Telemedicine was already on the rise before the COVID-19 pandemic began. In the face of hospital closings, physician shortages, and limited access to specialists, Americans have been learning to turn to telemedicine for healthcare not otherwise available.
This explains why telemedicine increased 53% from 2016 to 2017. In fact, the market is expected to hit $130 billion by 2025, as reported by the American Medical Association.
According to the American Academy of Family Physicians (AAFP), telemedicine is the practice of using technology to deliver medical care at a distance. Elements of telemedicine include video-conferencing with patients and fellow physicians, as well as the collection of health data and images in real time.
How Telemedicine Has Supported COVID-19 Treatment Efforts
Thanks to well-established telemedicine foundations before the COVID-19 pandemic began, hospitals and doctors were able to seamlessly integrate telemedicine into their COVID-19 response.
The majority of pediatricians, family physicians, dentists, and other medical specialists closed their offices to non-emergency appointments, instead giving patients the opportunity to receive care virtually. This made it possible to adhere to government shutdown orders without abandoning patients or placing them at risk in the close quarters of an office or clinic.
Yarone Goren, the co-founder and COO of SteadyMD Inc, explained the incredible impact of COVID-19 on the telemedicine infrastructure: “In the last few weeks, we’ve seen about 10 years’ worth of change in telehealth.”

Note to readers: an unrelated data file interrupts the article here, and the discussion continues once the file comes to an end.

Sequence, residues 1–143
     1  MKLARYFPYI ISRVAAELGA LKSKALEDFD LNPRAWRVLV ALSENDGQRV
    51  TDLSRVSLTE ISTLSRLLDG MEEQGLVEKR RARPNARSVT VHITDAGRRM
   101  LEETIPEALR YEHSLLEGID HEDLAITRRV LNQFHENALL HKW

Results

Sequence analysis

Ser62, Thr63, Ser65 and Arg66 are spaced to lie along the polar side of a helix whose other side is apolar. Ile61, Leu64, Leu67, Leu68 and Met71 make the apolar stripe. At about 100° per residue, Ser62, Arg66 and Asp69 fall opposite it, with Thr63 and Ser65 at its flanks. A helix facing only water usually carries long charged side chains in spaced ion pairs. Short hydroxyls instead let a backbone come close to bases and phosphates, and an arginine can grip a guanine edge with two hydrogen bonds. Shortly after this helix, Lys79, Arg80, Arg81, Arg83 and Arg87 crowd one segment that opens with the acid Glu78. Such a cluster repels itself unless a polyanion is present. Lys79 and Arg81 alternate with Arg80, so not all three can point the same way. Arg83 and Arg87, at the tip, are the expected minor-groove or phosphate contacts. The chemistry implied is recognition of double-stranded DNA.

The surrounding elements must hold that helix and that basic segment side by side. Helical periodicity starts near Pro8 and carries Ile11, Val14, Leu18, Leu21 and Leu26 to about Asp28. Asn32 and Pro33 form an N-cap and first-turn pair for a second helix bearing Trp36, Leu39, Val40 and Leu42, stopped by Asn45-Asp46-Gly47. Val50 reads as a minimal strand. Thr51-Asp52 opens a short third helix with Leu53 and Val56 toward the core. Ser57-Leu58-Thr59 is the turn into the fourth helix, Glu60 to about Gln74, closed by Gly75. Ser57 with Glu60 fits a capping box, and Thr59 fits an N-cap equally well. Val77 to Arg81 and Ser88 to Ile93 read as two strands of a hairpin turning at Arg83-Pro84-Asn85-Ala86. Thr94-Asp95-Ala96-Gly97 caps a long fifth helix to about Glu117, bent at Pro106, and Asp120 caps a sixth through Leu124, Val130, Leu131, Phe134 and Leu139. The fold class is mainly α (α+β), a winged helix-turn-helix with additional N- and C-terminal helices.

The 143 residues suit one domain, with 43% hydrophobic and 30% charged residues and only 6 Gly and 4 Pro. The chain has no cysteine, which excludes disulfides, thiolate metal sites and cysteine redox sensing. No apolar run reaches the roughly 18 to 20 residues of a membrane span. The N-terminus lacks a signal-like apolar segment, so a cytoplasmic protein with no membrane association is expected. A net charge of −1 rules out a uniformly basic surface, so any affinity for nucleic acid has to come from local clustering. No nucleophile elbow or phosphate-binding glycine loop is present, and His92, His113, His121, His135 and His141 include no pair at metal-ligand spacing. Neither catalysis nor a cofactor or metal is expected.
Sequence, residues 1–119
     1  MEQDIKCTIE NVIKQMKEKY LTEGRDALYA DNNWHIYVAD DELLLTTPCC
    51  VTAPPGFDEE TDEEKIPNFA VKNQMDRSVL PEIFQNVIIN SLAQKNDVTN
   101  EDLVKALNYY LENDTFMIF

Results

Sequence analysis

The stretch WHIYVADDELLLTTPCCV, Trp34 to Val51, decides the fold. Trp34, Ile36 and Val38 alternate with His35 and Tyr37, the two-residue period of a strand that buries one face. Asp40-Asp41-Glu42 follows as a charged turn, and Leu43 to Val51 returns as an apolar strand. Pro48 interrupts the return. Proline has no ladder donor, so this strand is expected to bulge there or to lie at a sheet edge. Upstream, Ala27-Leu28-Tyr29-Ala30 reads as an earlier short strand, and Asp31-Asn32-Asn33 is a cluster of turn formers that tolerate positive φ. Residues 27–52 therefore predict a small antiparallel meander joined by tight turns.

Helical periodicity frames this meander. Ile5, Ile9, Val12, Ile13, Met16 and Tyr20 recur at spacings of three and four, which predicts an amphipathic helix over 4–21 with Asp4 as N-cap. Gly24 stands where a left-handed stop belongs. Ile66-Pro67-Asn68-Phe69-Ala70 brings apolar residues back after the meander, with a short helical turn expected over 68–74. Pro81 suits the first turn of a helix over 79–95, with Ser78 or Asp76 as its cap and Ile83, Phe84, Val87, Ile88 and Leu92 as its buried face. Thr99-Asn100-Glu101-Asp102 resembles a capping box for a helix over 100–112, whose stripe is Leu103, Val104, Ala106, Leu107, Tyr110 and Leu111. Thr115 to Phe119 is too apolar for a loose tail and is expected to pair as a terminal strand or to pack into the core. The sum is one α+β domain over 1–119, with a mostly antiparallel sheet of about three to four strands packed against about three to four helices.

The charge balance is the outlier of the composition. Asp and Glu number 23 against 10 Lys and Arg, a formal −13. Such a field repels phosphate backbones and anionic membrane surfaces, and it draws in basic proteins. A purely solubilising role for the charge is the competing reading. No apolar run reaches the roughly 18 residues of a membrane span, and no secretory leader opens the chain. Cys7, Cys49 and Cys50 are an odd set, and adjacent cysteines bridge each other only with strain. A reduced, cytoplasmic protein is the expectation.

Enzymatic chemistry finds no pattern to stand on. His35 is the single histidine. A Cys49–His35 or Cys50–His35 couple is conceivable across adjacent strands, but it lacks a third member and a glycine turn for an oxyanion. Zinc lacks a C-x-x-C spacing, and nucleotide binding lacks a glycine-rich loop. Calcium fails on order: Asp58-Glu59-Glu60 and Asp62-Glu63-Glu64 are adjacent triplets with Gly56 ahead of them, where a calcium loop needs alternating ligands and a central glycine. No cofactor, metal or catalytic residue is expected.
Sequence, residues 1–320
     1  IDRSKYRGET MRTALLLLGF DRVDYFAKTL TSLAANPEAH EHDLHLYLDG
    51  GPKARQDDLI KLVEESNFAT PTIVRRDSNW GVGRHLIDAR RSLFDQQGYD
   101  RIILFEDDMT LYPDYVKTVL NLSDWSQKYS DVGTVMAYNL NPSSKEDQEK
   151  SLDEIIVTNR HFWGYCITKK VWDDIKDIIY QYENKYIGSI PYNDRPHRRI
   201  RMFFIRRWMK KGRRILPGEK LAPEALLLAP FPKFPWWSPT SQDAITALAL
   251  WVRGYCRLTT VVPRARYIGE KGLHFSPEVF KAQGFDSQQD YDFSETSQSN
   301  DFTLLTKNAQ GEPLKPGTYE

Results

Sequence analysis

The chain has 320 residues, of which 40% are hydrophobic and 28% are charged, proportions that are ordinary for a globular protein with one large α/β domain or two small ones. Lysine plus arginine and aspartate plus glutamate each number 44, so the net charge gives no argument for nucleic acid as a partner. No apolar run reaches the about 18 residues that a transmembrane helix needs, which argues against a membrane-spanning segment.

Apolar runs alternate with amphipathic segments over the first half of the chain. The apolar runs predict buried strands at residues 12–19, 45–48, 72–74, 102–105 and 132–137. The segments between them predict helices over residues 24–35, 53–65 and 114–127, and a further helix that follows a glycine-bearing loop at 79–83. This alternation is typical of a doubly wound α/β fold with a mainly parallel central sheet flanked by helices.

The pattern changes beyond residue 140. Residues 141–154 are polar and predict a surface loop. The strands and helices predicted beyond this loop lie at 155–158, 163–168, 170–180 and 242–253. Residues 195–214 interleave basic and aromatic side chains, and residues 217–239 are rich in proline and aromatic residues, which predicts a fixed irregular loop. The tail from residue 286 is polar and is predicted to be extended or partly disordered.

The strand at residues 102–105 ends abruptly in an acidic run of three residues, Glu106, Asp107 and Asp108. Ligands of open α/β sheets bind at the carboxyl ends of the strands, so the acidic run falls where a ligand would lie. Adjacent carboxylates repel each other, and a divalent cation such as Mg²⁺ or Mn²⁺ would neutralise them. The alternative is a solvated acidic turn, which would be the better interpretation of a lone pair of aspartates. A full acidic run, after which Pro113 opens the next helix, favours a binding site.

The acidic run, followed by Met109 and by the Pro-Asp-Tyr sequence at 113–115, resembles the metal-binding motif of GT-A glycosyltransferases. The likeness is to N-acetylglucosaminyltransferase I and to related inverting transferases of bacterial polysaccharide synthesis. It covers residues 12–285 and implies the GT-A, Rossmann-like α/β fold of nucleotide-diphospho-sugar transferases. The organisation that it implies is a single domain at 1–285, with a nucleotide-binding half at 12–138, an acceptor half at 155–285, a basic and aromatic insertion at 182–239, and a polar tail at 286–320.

“Clients are asking for us to add the ability for their patients to converse with family members remotely and to have nurses and doctors directing care for patients who are self-isolating at home,” reported Jamey Edwards, Chief Executive of another telehealth company, Cloudbreak Health. “That’s less people who have to go to the hospital and is really appropriate for mild to moderate symptoms.”
Overall, the use of telemedicine in the midst of the COVID-19 pandemic offers significant benefits for providers and patients alike:
- Limits number of people crowding hospitals
- Reduces exposure levels inside hospitals, which protects patients and doctors
- More available beds for severe COVID-19 patients
- Less use of valuable, hard-to-obtain protective gear for low-risk patients
Overall, telemedicine has made it possible to fight COVID-19 in the easiest and safest way possible. It’s protecting patients, family members, and doctors while reducing the burden on hospital resources.
Looking to Medical Care of the Future
Many experts in the medical industry agree that COVID-19 has helped solidify telemedicine as a core component of healthcare in the near future.
Edwards agrees. “Many people are now using telemedicine in their homes for the first time and are beginning to integrate it into their routines.”
Health care facilities are also pivoting to telemedicine in response to COVID-19 and realizing its positive benefits, when they otherwise may never have made the shift.
“Overnight, our patient count dropped by 30% to about 350 per day as patients were too scared to come into our clinic for fear of catching COVID-19,” explained the chief executive of Reliant Urgent Care in Los Angeles, CA. “We converted almost overnight from brick-and-mortar to telemedicine.”
As Howell reflects, “I don’t think we’ll go back to where things were before.” COVID-19 forced an up-and-coming trend into the spotlight, and now patients and doctors alike plan to embrace telemedicine for all its worth in the future.